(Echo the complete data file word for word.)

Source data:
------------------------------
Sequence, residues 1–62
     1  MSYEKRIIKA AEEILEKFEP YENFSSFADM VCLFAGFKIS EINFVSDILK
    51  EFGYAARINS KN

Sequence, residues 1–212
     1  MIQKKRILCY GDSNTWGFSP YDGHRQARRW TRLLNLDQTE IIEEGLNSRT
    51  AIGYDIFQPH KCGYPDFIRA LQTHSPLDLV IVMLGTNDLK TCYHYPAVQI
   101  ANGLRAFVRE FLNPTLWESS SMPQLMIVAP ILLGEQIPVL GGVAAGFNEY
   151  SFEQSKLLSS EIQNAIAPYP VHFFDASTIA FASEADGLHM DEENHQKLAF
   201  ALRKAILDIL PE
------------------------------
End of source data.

Sequence, residues 1–62
     1  MSYEKRIIKA AEEILEKFEP YENFSSFADM VCLFAGFKIS EINFVSDILK
    51  EFGYAARINS KN

Sequence, residues 1–212
     1  MIQKKRILCY GDSNTWGFSP YDGHRQARRW TRLLNLDQTE IIEEGLNSRT
    51  AIGYDIFQPH KCGYPDFIRA LQTHSPLDLV IVMLGTNDLK TCYHYPAVQI
   101  ANGLRAFVRE FLNPTLWESS SMPQLMIVAP ILLGEQIPVL GGVAAGFNEY
   151  SFEQSKLLSS EIQNAIAPYP VHFFDASTIA FASEADGLHM DEENHQKLAF
   201  ALRKAILDIL PE